Get this caveat off my title!

Lodging a caveat can be a strategic way of forcing one’s hand to address an issue involving another person’s

Lodging a caveat can be a strategic way of forcing one’s hand to address an issue involving another person’s interest in a property they do not legally own. It can alternatively be a protective measure to give notice to the world of your interest in a property you do not legally own. A caveat does not convey the caveator any degree of ownership in a property, but it can be a roadblock for any attempted dealings with that property, for example, a sale of the property, as the caveat would need to be lifted to enable the sale to proceed.

In Victoria, there are essentially two (2) means by which a registered proprietor (a land owner) can seek the removal of a caveat on the title of their property.

s89A of the Transfer of Land Act 1958 (Vic) (‘the Act’)

Pursuant to s89A of the Act, a registered proprietor can file an application to the Registrar of Titles seeking the removal of the caveat on the basis that there is no right for that caveat to remain on title. The application must be supported by a certificate from a barrister or solicitor stating that in their opinion, the caveator does not have sufficient interest in the said land.

This prompts the Registrar to give notice to the caveator that their caveat will lapse in 30 days unless within that time, the caveator issues legal proceedings to fight to keep their caveat on title.

PROS: This is a relatively inexpensive exercise and puts the onus squarely on the caveator to commence legal proceedings to have their caveat remain on title.

CONS: Given the 30 day notice period provided by the Registrar to the caveator, it is not the ideal means of seeking an urgent removal of a caveat, for example, in circumstances where there is a property settlement looming. Even if a caveator does follow through and commence legal proceedings to seek orders to allow their caveat to remain on title, those proceedings are unlikely to be expedited without a further application to the Court.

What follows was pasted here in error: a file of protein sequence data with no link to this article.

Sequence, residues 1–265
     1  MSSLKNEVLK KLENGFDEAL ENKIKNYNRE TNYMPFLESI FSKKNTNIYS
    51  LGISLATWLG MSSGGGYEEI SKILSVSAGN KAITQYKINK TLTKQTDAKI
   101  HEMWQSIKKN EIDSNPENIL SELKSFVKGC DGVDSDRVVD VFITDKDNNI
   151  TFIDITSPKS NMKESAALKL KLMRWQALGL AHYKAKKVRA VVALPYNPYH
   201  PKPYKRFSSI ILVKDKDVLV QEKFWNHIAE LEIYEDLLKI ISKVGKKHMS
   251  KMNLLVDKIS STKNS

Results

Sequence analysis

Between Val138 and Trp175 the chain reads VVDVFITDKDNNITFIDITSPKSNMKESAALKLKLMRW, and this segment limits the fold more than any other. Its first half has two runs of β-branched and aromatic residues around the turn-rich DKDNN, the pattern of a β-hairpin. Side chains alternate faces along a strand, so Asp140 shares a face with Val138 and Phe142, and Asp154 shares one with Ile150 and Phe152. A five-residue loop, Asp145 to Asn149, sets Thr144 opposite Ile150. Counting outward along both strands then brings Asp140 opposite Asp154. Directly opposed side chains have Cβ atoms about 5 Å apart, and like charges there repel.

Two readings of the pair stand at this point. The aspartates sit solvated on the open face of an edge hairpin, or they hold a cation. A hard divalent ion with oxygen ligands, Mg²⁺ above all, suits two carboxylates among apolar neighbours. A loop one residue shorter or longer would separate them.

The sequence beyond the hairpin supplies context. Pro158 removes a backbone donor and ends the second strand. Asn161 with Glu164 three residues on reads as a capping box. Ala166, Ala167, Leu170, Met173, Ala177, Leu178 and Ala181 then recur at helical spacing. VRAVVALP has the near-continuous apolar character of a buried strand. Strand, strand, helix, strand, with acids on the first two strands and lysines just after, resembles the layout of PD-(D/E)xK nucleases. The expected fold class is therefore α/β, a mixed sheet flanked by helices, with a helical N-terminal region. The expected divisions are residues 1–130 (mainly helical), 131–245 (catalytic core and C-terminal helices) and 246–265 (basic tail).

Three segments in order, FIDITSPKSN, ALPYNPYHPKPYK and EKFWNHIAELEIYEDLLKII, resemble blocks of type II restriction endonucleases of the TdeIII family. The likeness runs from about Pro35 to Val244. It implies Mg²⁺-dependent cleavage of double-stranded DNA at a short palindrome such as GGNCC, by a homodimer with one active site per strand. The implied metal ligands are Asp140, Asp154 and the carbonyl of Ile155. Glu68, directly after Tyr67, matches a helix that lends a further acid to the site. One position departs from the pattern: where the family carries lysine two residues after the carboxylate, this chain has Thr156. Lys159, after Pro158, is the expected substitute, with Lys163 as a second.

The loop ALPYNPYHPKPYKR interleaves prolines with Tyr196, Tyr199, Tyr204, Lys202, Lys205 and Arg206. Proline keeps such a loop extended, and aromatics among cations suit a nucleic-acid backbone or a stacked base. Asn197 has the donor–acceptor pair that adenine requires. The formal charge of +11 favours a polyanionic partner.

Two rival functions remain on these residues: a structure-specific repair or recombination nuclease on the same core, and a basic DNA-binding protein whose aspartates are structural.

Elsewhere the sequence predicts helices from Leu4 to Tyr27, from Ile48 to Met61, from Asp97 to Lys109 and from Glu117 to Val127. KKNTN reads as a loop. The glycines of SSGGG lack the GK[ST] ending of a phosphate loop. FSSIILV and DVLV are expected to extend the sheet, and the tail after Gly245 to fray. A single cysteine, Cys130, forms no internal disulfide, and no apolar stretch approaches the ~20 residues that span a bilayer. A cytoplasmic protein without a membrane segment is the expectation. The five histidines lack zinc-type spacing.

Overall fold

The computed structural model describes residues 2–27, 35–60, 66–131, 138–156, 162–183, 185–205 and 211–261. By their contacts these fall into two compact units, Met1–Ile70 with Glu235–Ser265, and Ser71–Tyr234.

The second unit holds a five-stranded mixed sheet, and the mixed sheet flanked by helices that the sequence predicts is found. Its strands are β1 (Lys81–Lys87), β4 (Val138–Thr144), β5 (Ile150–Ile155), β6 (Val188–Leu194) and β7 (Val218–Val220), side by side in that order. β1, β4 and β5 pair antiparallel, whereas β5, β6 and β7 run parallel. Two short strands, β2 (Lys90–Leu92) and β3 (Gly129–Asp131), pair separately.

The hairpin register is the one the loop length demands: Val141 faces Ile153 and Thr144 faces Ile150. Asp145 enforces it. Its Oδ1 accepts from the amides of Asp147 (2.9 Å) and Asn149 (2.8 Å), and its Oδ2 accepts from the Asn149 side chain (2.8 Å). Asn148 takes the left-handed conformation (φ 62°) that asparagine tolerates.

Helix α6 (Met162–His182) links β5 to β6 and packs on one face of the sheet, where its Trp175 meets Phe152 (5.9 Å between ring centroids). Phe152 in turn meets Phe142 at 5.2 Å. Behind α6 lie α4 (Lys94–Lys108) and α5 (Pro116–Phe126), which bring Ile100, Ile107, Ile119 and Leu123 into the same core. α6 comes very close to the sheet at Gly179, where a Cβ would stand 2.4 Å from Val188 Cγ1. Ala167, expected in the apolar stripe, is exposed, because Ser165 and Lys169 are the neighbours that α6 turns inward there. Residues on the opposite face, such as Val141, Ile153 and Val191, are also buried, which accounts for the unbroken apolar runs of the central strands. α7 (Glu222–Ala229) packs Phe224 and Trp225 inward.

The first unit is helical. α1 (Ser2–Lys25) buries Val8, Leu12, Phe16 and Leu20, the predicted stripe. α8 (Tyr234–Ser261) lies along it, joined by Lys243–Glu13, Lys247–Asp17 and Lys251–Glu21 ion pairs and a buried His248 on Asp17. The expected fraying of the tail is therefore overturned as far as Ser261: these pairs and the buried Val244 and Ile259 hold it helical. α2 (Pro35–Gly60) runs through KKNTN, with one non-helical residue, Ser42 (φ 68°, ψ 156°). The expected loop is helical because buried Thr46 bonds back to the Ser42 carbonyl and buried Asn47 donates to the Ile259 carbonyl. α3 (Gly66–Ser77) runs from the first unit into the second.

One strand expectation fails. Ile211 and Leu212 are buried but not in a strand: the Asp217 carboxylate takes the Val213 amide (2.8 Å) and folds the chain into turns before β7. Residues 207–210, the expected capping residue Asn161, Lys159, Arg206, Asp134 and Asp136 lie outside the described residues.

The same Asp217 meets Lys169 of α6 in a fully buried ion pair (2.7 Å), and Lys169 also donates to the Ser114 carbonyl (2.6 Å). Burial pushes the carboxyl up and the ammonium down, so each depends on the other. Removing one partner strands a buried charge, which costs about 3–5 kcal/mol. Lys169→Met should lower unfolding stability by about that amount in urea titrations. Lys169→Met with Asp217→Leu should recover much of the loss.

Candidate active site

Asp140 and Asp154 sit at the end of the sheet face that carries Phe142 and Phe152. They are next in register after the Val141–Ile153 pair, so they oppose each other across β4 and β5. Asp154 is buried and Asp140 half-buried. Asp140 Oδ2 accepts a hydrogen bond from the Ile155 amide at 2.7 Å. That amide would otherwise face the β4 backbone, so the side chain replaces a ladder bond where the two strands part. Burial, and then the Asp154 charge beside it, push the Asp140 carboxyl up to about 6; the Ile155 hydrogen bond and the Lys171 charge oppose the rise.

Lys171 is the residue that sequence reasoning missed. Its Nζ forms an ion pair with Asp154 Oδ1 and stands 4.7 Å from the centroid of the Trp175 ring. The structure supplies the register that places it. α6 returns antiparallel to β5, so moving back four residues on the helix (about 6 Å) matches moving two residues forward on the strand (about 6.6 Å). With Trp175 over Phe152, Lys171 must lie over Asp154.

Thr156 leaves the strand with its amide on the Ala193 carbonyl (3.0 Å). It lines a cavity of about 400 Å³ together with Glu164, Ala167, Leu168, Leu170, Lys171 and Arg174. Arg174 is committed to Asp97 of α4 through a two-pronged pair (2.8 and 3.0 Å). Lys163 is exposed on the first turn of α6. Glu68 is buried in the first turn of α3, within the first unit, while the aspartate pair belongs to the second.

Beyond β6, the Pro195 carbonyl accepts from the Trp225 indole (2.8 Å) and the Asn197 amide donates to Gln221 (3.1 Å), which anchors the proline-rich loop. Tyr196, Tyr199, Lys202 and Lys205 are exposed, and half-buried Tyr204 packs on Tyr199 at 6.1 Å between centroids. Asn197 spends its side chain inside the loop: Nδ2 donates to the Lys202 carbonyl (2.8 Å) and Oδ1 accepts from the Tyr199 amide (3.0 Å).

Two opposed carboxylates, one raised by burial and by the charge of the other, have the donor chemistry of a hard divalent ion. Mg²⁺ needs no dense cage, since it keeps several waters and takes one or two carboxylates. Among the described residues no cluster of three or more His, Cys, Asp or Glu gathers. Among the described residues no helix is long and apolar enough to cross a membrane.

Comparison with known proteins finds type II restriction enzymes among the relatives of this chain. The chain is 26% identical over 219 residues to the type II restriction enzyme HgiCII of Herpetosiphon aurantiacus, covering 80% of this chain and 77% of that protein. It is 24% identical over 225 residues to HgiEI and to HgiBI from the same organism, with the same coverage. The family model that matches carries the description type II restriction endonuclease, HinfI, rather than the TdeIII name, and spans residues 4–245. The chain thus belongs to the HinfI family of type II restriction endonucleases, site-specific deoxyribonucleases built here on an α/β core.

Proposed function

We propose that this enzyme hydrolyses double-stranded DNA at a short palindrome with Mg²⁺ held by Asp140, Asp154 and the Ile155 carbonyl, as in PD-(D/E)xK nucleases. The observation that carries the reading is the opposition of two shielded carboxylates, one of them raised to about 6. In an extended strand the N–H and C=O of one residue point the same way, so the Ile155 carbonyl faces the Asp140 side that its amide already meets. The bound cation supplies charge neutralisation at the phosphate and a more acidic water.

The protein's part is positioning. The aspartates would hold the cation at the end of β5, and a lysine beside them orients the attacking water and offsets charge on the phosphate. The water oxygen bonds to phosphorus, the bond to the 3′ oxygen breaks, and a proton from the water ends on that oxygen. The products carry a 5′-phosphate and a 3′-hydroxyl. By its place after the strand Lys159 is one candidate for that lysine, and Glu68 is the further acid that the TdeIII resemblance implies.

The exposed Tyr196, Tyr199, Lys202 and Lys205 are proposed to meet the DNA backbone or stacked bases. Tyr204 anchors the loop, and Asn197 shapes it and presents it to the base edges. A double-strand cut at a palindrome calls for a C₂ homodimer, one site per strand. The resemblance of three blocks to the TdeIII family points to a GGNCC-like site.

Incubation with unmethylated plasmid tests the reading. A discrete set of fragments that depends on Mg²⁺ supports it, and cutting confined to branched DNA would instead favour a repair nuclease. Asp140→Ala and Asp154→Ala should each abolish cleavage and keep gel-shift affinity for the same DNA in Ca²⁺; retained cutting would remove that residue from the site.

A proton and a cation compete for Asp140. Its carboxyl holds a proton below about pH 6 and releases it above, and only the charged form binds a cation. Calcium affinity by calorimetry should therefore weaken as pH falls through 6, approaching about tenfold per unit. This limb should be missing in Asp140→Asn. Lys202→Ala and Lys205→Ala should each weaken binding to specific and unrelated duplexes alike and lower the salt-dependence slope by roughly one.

s90(3) of the Act

Section 90(3) of the Act is a more direct means of seeking the removal of a caveat as it brings the issue before the Supreme Court for determination. The registered proprietor files an Originating Motion and a supporting affidavit seeking court orders for the removal of the caveat, often with cost consequences against the caveator for having lodged the caveat in the first place.

For their part, the caveator can only defend their caveat by convincing the Court that there is a serious case to be tried in respect of their claim in an interest in the said property. If they can successfully argue this, they must then show that the balance of convenience favours their caveat remaining on the title until the conclusion of those Supreme Court proceedings. In those circumstances, the Court may require the caveator to provide an undertaking to pay compensation to any person affected by the continuation of the caveat on title, (such as a party to a looming settlement of the property where that settlement is delayed as a consequence of the caveat remaining on title).

PROS: An application pursuant to s90(3) can be filed, listed and heard quickly where there is an urgent determination of the matter required. This is generally more efficient than allowing a caveator 30 days to contemplate the commencement of their own proceedings to fight to keep their caveat on title. If the registered proprietor is successful, they may be entitled to a costs order against the caveator as a consequence of having to file proceedings in the first place.

CONS: The Supreme Court can be an expensive jurisdiction for all parties involved in proceedings.

Caveators, and persons considering lodging a caveat, are cautioned to ensure they have reasonable cause for lodging a caveat as there can be costly financial consequences that come with the removal of one’s caveat, if it is ultimately found to have been lodged without sufficient reasonable grounds. This is a risk even if the caveat is subsequently voluntarily removed, as was the case in Love v Kempton & Anor 2010 VSC 254, which resulted in an indemnity costs order against the caveator.

It is important for caveators and prospective caveators to obtain legal advice before taking any action in respect of an interest in a property. Contact us today for a frank discussion on your options. Our experienced litigation team is ready to assist.

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